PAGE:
Horace Edwin Hayden.

Genealogical and family history of the Wyoming and Lackawanna Valleys, Pennsylvania; (Volume 2) online

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studies at the Klines Grove Academy. .\t the age
of twenty he began teaching in Shamokin, Penn-
sylvania, where he continued this occupation till
the fall of 1872, when he came to Wilkes-Barre
and became principal of one of the city schools.

In 1875 he entered the medical department of
the University of Pennsylvania, from which he
graduated in 1878. He then returned to \\'ilkes-
Barre and began the ]iractice of medicine, and
during the intervening years has built up a large
and lucrative practice. In addition to his private
professional work Dr. Weaver is surgeon for
the Lehigh Valley railroad, and one of the staff



of surgeons for the Wilkes-Barre City and Mercy
Hospitals. He has served as director and presi-
dent of the Xanticoke Light, Heat & Power Com-
pany. Dr. Weaver has ahvays taken a deep in-
terest in educational work, and for twenty-seven
continuous years has served as school director
of Wilkes-Barre. He has been a member of the
A'inth Regiment National Guards of Pennsyl-
vania for fifteen years, the past seven years with
rank of captain, and served as assistant surgeon
and acting surgeon of the Ninth Pennsylvania
Volunteer Infantry (same as Ninth Regiment)
in the Spanish-American war. His wife, then
Miss Abbott, also participated in this war, act-
ing as volunteer nurse. Dr. Weaver is a mem-
ber of Lodge No. 39, Independent Order of Odd
Fellows, of Wilkes-Barre, of which he is a past
grand : Lodge No. 174, Knights of Pythias, of
Wilkes-Barre; and of Lodge No. 109, Benevo^
lent and Protective Order of Elks. He is also
a member of the American Medical Association,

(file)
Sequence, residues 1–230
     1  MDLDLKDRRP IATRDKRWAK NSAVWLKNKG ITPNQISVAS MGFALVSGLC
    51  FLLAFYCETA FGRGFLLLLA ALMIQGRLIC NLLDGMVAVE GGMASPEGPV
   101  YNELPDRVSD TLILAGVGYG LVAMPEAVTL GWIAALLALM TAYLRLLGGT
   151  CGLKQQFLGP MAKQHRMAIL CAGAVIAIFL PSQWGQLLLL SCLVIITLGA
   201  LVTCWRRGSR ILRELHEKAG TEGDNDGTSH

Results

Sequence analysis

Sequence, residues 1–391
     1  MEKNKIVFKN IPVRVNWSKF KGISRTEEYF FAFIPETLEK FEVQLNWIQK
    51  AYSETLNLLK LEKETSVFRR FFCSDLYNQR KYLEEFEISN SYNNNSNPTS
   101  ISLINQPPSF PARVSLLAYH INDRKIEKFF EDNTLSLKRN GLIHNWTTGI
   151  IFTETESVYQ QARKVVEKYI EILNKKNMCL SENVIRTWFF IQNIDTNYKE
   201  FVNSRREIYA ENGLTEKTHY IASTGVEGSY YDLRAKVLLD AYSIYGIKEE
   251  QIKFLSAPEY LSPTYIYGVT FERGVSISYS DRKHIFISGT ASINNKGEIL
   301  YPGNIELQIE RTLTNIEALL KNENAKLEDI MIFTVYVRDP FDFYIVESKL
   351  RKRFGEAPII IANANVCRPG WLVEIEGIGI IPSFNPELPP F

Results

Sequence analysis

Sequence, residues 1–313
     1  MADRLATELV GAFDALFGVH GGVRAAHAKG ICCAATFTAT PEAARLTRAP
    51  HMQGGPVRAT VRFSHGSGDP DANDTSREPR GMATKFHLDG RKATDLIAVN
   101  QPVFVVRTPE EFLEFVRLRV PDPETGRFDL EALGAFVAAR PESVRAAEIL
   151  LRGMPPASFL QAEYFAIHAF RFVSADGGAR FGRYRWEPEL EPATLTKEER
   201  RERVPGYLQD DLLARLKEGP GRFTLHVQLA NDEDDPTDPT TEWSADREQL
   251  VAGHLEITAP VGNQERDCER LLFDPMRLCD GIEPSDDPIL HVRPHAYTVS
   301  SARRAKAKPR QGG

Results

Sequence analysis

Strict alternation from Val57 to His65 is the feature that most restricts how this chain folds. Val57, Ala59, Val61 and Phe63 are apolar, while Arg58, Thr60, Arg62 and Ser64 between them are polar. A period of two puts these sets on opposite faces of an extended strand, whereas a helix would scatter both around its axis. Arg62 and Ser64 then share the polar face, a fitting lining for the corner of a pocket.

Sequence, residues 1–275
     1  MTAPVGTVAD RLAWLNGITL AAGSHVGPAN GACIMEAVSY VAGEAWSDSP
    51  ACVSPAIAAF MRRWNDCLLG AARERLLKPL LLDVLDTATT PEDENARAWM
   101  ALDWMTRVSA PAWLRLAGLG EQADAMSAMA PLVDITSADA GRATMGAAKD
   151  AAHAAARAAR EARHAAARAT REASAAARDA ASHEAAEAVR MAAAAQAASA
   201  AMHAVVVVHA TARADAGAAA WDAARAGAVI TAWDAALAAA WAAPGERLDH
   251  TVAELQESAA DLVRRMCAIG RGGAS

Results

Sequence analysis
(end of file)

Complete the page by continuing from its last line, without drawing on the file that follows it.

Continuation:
Pennsylvania State ^ledical Society, Luzerne
County ^ledical Society, Lehigh Valley Medical
Societv, The Association of Lehigh \'alley Rail-
road Surgeons, The Wyoming Historical and
Geological Society, The Pennsylvania Society of
Sons of the American Revolution, and the
Westmoreland Club. In politics he is a
Republican. Dr. Weaver has taken much in-
terest in local affairs. He was the original ad-
vocate of the consolidation of the separate school
districts of the city, and was one of the prime
workers in the movement by which consolidation
became an established fact in 1890. Since that
time the schools have made remarkable progress,
and the uniform system brought about by con-
solidation has contributed much to their present
standing. He was appointed one of the orig-
inal trustees of the East Stroudsburg State
Normal School at its organization, and has
been reappointed by the superintendent of public
instruction at the end of each three years since,
having recently received an appointment for three
years more. Dr. Weaver also warmly advocated
the change of mvmicipal government from a spec-
ial to a general charter, and those who contended
for this were successful in 1898.

Dr. Weaver married, December 6, 1898, in
Carbondale, Pennsylvania. Elizabeth Abbott,
daughter of the Rev. B. H. and Sarah Elizabeth
(Farnham) Abbott. (See Farnham genealogy
elsewhere in this work). Sarah Elizabeth Farn-
ham married, June 19, 1867, Rev. Benjamin
Henry Abbott, born November 13, 1831, in Barre,
IMassachusetts, a son of Cyrus and Mary

(Puffer) Abbott, the former named born at
Framingham. Massachusetts, ^Nlay 21, 1806, died
September 21, 1833, and the latter born at Berlin,
Massachusetts, died at Putnam, ^lassachusetts,
1893, daughter of the late Rev. Dr. Rubin Puft'er,
D. D. (See Records.) Cyrus Abbott was a farmer
in Waltham, Massachusettts, where his death oc-
curred. Cyrus and ]Mary (Puffer) Abbott were
the parents of two children ; Mary, born April 4,.
1829, died January 21, 1868, at Whitestone, Long
Island, and Benjamin H., mentioned in the fol -
lowing paragraph.

Rev. Benjamin H. Abbott began his educa-
tion in the public schools of Framingham, ]\Ias-
sachusetts, after which he attended Thedford
Academy, (\'ermont), 1853; .\mherst College-
( Massachusetts ) ,* from which he was graduated
A. B., 1857 ; Bangor Theological Seminary, one
year; General Theological Seminary, New York
city, which he attended two years, and was or-
dained deacon in i860. In 1861 he served at the
Church of the Holy Communion in New York
city, and in the same year was ordained presbyter-
by the Rev. Bishop Horatio Potter, then assis-
tant at the above named church, and was also ap-
pointed chaplain of St. Luke's Hospital, New
York city. He then came to Carbondale, Penn-
sylvania, where he w-as rector o.f Trinity Church
four years, then to Whitestone, Long Island, and
served in Grace Episcopal Church twelve years.
He then v^-ent to Susquehanna, Pennsylvania,
where he served two years as a missionary, and
then to St. Johnland, Long Island, where he was
pastor in an institution founded by Dr. Muhlen-